Say What?

Say What?

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It’s one thing to know what the common communication pitfalls are, but quite another to ensure that they don’t trip us up in the work place. The most interesting thing is that more than 50% of the common communication pitfalls can be avoided by merely choosing the correct communication medium.

Often we merely resort to old habits when it comes to communication. We’re so used to always communicating on email for example, that it is no longer a conscious choice. We just press the new message button (almost as if on auto pilot) when we have information to share.

Before we consider the factors to be weighed when selecting a communication medium, it’s perhaps important to first consider why.  People tend to lose sight of the fact that we communicate for a reason. It could be to share information that we expect that person to include in their decision making or to get someone to take action.

Whatever your reason for communicating, consciously choosing the most appropriate communication medium could significantly increase your chances of having the outcome that you want.

Factors to consider when selecting a communication medium:

1) Distance:

 

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The distance and location to where your message needs to travel to may automatically exclude certain communication mediums.

2) Importance:

Not all communication mediums have the functionality to indicate importance and if an individual already suffers from an overload of a certain communication type (eg. emails) using something completely different may in fact prevent your message from getting lost in the ‘noise’.

If you message is extremely important, you may need to consider whether the communication medium you are considering guarantees receipt (e.g. an email will not reach someone if they are not in front of their inbox).

3) Speed:

The speed with which you need to get the message to the intended recipient may automatically exclude certain communication mediums. Similarly, if a communication medium does allow for instant delivery it may not be wise to send an unimportant message to someone’s cell phone in the middle of the night.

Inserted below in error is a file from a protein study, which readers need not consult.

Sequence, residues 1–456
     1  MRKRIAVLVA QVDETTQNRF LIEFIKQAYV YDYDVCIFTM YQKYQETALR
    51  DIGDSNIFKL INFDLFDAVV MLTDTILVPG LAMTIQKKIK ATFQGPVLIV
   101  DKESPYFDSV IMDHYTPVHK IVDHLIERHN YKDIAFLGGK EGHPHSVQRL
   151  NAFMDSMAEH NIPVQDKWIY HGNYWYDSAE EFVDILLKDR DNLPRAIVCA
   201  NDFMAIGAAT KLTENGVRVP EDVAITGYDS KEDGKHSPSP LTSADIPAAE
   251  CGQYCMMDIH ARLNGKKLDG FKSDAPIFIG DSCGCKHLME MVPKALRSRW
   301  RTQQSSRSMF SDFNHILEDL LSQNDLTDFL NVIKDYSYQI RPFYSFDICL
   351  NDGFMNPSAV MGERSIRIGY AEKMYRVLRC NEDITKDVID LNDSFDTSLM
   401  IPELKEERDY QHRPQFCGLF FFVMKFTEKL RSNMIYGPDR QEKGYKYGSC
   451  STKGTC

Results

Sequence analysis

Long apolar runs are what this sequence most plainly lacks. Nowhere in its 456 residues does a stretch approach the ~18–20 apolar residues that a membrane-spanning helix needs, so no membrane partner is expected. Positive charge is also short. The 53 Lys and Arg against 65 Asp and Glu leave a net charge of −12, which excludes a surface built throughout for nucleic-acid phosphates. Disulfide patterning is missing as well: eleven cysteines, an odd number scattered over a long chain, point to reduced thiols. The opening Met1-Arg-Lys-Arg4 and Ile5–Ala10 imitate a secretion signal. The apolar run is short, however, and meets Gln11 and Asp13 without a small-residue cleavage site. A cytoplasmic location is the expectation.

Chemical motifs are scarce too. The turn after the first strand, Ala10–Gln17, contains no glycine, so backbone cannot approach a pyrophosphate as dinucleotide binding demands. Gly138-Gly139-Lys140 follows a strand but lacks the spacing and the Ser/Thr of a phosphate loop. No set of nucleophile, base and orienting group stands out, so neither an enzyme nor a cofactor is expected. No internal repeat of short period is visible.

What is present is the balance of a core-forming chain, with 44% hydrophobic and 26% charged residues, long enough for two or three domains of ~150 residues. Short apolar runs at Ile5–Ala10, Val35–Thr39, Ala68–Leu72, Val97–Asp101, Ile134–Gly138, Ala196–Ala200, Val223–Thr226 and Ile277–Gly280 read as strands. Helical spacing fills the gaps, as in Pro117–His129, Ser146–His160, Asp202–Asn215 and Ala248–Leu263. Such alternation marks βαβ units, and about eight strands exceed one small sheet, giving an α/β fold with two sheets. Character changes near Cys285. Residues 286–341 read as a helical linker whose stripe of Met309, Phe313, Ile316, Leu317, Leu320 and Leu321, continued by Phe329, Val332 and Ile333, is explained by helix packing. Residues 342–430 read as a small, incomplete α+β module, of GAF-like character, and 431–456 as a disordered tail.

4) Record keeping:

A verbal conversation (if not recorded) may not be ideal if you need to have a record of the conversation.

5) Shortest (most direct) route:

Ensure that your message gets through to the right person and not lost in translation.

6) Recipient:

Your recipient may not have access to technology or may not be very adept with technology and as a result using a communication medium not reliant on technology may be a more appropriate choice. If the recipient has a disability or is not literate, you also have to keep this in mind when you select your communication medium.

7) Distortions:

Choose a communication medium with the lowest probability of being distorted – if you are not an adept communicator or maybe have a very heavy accent, then a verbal communication medium is possibly not the best choice for you. Similarly, using a hand written note if your hand writing is difficult to decipher may also not be the best choice.

Selecting the most appropriate communication medium is one of the critical steps in getting your communication right the first time.

Su-Mari Du Bruyn
Su-Mari Du Bruyn is co-founder of Adapt To Change. She is a qualified HR practitioner and logistics specialist and is passionate about Continuous Improvement and people development. Through Adapt To Change she assists businesses to improve their business performance and better engage their staff. Su-Mari also recently launched her e-book business guide, The Power to Ignite. Available exclusively on Amazon.com for Kindle, The Power to Ignite is a practical guide to the powerful art of Continuous Improvement, sharing proven methodology and highlighting important dos and don’ts in engaging staff and improving business results. Find her on Google+